|November 1999||The Department of Justice circulated a Consultation Paper, Child Victims and the Criminal Justice System, to discuss public concerns and develop options to deal with issues affecting child victims, such as the age of consent to sexual activity, the creation of additional child-specific criminal offences, sentencing reform, and improving the experience of child witnesses and facilitating their testimony in court.|
|4 June 2002||Bill C-15A, which amended the Criminal Code to include provisions intended to protect children from sexual exploitation involving the Internet, such as online child pornography and Internet “luring.”|
|September/October 2002||The Department of Justice launched a public consultation on the issue of voyeurism, seeking public input into the creation of new Criminal Code offences for voyeurism and the distribution of voyeurism material.|
|5 December 2002||The government introduced Bill C-20, which proposed amendments to the Criminal Code and the Canada Evidence Act. The purpose of the bill was to protect children and other vulnerable persons from sexual exploitation, abuse and neglect, as well as to provide protection for victims and witnesses in criminal justice proceedings. Bill C-20 died on the Order Paper on 12 November 2003.|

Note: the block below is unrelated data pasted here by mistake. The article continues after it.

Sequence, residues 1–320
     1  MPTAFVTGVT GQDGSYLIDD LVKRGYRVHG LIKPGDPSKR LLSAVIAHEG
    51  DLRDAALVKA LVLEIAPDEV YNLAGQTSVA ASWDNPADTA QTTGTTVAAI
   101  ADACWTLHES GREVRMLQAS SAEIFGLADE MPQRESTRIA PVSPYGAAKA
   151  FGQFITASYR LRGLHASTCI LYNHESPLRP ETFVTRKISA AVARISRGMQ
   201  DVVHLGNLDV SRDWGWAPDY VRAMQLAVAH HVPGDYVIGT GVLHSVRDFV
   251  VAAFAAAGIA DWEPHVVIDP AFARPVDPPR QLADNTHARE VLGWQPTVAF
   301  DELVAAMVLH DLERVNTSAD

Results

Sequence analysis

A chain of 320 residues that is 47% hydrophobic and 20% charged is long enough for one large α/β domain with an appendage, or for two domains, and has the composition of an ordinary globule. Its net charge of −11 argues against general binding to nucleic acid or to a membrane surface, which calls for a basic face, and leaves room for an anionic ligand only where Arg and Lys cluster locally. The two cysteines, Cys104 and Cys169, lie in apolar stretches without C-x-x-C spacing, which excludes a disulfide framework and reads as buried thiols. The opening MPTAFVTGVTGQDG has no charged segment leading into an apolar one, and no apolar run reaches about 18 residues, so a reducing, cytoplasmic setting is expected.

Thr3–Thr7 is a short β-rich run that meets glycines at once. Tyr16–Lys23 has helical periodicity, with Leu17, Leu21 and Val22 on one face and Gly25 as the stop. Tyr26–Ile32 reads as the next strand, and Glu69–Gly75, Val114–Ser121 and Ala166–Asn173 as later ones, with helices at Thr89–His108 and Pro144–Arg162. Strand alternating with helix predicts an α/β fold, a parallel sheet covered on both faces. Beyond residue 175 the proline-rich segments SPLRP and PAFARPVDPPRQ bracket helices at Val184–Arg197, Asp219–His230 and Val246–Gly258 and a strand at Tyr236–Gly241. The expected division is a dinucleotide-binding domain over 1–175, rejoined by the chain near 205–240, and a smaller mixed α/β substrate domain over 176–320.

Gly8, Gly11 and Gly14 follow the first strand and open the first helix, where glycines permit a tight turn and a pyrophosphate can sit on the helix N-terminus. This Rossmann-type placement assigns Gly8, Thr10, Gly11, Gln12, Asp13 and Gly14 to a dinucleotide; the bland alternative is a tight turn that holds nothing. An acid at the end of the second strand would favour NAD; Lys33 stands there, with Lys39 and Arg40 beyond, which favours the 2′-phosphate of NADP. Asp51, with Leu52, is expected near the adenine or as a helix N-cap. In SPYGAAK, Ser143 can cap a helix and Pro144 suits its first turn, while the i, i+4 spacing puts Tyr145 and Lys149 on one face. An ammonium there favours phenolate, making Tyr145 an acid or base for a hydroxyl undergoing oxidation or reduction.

|12 February 2004||The government introduced Bill C-12, the reinstated version of Bill C-20. Bill C-12 died on the Order Paper in May 2004.|
|8 October 2004||The government introduced Bill C-2, which proposed amendments to the Criminal Code and the Canada Evidence Act dealing with child pornography and increased protection for children and other vulnerable persons from sexual exploitation and abuse. Bill C-2 was similar to bills C-20 and C-12; however, it included some important changes, including the addition of a prohibition against the advertising of child pornography and the introduction of mandatory minimum sentences for all child pornography offences, and replaced the “artistic merit” defence against child pornography charges with the statutory defence of “legitimate purpose.” Bill C-2 received Royal Assent on 20 July 2005 and came into force on 1 November 2005 and 2 January 2006.|
|14 September 2005||The Optional Protocol to the Convention on the Rights of the Child on the Sale of Children, Child Prostitution and Child Pornography, signed in November 2001, was ratified by Canada. The Protocol requires signatories to criminalize producing, distributing, disseminating, importing, exporting, offering, selling or possessing “any representation, by whatever means, of a child engaged in real or simulated explicit sexual activities or any representation of the sexual parts of a child for primarily sexual purposes.”(21)|